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The Sigbin

In Philippine mythology, the Sigbin or Sigben is a creature that roams in the night to suck the blood of its victims from their shadows.


The Sigbin looks like a hornless goat with big ears that can clap like a pair of hands. Its tail is so long and flexible that it can be used as a whip. Typically, the Sigbin walks backwards, lowering its head between its hind legs to stay hidden from other creatures particularly humans. Sigbins also are known to give off disgusting odor when they fart.


Stories of old folks regarding the sigbin are usually found in Visayas, especially in Cebu. In the Eastern Visayas, the creature is also known as the Amamayong. Other countries have reports or urban legends of similar creatures, known as chupacabra.


The Sigbin is usually believed to be nocturnal, and to reside in the province of Cebu. Some people believed that the Sigbin attacks children during Holy Week.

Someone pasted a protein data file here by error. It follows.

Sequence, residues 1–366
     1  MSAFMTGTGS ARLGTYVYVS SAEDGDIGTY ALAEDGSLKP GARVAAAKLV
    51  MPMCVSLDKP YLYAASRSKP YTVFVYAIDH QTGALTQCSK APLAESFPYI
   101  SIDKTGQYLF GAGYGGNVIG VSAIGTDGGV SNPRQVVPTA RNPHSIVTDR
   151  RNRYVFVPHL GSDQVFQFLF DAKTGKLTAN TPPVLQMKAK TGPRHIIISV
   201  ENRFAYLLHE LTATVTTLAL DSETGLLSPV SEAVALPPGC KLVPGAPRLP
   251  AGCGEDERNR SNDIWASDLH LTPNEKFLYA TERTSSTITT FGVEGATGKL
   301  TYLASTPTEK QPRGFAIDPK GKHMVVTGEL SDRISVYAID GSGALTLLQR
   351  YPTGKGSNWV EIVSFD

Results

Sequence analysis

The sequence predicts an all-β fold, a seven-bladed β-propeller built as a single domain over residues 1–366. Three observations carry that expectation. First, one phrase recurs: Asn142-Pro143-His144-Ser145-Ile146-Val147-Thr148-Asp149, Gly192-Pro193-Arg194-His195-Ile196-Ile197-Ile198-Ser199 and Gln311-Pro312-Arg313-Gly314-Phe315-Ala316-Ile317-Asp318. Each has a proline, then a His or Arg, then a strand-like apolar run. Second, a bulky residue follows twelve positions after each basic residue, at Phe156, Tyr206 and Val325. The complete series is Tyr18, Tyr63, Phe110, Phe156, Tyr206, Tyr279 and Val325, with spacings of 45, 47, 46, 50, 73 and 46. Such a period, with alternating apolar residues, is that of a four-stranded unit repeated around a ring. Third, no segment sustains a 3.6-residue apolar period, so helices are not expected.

Based on the legend, a clan known as Sigbinan ("those who own Sigbin"), are said to have command over the Sigbin creatures. They keep their Sigbin in jars of clay. Aswangs are also believed to have Sigbin as pets together with Wak Wak.

A Sigbin is believed to attract wealth and luck to its owner and that is the reason why successful businessmen are said to be descendants of the Sigbinan families.


There is speculation that the legend might be related to the kangaroo. With the recent discovery in the island of Borneo of the cat-fox, a potential new species of carnivore described as having hind legs that are lower than its front legs, it has been postulated that reported sightings of Sigbin may actually be sightings of a member or relative of the cat-fox species.

Other pretend that the sigbin is a spiritual animal with no physical form, which could be the reason for the varying or conflicting descriptions, and the lack of concrete evidence of its existence.


The sigbin is the subject of the song, Original Sigbin, popularized by the Visayan band, Junior Kilat.


  • Ramos, Maximo D. (1971). Creatures of Philippine Lower Mythology. Philippines: University of the Philippines Press.
  • Tiempo, Edilberto K.. The Witch
  • Meek, James (2005-12-07). On the trail of the Borneo cat-fox. The Guardian.